Temple of the Dog, the band's self-titled album, was released on April 16, 1991, through A&M Records and initially sold 70,000 copies in the United States.[4] Ament recalled requesting that A&M include a Pearl Jam sticker on the cover—as they had just picked their new name—because "it'll be a good thing for us", but they refused.[4] The album received favorable reviews,[10] but failed to chart. Critic Steve Huey of AllMusic later gave the album four-and-a-half stars out of five, stating that the "record sounds like a bridge between Mother Love Bone's theatrical '70s-rock updates and Pearl Jam's hard-rocking seriousness."[11] David Fricke of Rolling Stone wrote, in retrospect, that the album "deserves immortality."[12] The band members were pleased with the material, as it achieved its purpose; Cornell believed that "Andy really would have liked" the songs,[2] and Gossard also asserted that he thought Wood would be "blown away by the whole thing".[1] Soon after the album's release, Soundgarden and Pearl Jam embarked on recording their own albums, and the Temple of the Dog project was brought to a close, without a promotional tour for the album.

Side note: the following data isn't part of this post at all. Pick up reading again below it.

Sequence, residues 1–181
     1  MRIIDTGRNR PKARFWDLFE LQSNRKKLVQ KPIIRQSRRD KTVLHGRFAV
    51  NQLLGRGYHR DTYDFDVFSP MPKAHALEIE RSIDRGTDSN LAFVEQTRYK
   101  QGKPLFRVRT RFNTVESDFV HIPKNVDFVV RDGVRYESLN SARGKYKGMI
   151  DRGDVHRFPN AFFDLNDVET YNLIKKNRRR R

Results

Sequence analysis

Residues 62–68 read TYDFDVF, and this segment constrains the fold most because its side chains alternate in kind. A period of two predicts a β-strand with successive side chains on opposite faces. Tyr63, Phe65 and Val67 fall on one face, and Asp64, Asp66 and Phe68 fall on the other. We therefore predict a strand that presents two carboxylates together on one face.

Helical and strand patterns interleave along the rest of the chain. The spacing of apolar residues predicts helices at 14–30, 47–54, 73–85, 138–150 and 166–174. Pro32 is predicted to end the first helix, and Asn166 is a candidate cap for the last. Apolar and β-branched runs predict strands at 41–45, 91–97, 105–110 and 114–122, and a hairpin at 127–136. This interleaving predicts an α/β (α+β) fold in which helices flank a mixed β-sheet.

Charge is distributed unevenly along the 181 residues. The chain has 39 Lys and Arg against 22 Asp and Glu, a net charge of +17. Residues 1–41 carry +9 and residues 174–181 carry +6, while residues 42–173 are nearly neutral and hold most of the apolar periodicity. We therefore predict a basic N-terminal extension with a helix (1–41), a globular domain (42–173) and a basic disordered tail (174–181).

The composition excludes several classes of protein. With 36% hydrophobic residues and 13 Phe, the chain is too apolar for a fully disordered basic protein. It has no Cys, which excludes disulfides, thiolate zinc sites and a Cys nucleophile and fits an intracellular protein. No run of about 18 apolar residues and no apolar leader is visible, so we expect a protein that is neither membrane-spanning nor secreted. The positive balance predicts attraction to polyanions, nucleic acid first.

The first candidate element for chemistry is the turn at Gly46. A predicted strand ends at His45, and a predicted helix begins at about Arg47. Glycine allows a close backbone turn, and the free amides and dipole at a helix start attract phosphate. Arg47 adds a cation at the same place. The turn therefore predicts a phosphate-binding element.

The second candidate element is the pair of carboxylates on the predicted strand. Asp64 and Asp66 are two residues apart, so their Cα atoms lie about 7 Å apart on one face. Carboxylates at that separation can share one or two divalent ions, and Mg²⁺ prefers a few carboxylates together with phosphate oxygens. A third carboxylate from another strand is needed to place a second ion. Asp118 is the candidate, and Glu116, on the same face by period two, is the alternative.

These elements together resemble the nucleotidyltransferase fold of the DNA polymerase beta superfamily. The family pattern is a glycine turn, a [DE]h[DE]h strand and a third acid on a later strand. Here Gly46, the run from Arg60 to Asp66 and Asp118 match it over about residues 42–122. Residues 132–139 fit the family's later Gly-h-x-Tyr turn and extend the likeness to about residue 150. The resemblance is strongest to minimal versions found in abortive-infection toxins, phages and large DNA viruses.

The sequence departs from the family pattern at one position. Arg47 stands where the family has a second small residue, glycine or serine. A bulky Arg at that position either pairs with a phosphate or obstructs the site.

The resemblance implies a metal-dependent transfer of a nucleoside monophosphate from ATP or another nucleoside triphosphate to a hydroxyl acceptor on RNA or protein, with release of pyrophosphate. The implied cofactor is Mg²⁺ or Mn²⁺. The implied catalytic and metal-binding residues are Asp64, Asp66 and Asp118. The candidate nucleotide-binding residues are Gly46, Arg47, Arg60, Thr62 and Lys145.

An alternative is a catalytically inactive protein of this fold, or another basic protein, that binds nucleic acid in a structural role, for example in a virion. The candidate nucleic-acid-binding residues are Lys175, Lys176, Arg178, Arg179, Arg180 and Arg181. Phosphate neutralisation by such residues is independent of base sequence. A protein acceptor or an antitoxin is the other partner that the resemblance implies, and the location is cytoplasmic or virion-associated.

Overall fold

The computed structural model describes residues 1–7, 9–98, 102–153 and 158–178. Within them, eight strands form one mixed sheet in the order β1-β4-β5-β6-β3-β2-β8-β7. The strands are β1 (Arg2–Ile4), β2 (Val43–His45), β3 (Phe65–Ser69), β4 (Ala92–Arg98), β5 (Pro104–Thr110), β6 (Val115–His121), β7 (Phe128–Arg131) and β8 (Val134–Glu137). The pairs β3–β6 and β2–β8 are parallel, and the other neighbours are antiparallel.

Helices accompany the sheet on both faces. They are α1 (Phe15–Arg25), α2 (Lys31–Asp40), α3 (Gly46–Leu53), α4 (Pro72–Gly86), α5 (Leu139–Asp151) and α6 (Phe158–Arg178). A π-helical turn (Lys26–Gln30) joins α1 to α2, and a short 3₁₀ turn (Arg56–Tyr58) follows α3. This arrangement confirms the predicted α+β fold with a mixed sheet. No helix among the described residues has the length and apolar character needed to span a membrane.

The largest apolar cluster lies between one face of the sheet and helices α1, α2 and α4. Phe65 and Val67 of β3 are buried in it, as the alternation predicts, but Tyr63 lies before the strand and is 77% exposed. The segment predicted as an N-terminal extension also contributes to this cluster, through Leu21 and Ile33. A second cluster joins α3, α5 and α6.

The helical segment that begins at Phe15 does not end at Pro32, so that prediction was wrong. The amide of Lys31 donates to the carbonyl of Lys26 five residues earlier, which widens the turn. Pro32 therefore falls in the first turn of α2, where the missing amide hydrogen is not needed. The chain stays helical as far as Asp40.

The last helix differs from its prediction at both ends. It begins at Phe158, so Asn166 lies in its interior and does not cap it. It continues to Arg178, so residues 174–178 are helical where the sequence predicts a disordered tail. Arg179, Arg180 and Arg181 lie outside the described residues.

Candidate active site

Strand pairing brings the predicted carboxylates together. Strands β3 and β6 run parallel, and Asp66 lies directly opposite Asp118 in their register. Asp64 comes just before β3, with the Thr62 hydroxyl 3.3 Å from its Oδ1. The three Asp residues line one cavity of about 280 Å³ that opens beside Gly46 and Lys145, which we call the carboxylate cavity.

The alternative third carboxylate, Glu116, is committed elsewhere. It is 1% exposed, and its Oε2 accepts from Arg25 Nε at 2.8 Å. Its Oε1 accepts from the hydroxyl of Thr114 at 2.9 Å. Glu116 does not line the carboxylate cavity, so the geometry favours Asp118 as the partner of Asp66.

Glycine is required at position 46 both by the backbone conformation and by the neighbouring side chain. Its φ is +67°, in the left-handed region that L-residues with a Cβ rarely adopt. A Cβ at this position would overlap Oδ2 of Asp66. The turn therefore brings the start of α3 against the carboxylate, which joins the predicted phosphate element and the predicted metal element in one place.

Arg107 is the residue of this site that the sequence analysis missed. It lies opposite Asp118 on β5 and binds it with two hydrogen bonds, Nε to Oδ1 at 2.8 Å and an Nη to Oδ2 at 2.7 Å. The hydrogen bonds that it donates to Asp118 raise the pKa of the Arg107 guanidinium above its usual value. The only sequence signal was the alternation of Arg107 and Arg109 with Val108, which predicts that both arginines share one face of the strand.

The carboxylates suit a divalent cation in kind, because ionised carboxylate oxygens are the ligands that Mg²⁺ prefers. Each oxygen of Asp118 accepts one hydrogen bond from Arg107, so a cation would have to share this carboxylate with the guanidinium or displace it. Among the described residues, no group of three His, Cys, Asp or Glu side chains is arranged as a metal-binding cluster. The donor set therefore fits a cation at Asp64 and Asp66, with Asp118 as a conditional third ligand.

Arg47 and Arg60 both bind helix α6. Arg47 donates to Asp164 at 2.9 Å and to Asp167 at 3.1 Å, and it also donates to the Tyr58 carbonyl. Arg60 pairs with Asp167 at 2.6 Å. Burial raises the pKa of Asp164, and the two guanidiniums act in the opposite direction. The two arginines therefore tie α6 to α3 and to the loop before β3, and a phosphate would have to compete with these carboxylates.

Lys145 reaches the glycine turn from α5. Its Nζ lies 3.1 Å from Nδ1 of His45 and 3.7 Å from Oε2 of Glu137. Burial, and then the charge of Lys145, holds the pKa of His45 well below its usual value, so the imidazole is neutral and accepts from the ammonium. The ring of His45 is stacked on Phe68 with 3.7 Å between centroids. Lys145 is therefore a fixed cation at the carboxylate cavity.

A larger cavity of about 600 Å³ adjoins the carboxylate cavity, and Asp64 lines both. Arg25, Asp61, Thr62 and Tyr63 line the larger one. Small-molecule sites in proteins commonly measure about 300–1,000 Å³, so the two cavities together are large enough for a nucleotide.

In the summer of 1992, the album received renewed attention. Although it had been released more than a year earlier, A&M Records realized that they had in their catalog what was essentially a collaboration between Soundgarden and Pearl Jam, who had both risen to mainstream attention in the months since the album's release with their respective albums, Badmotorfinger and Ten. A&M decided to reissue the album and promote "Hunger Strike" as a single, with an accompanying music video that had been previously filmed. The attention allowed both the album and single to chart on Billboard charts and resulted in a boost in album sales. The album ended up being among the 100 top-selling albums of 1992,[13] and it has sold more than a million copies, achieving a platinum certification by the Recording Industry Association of America.[14]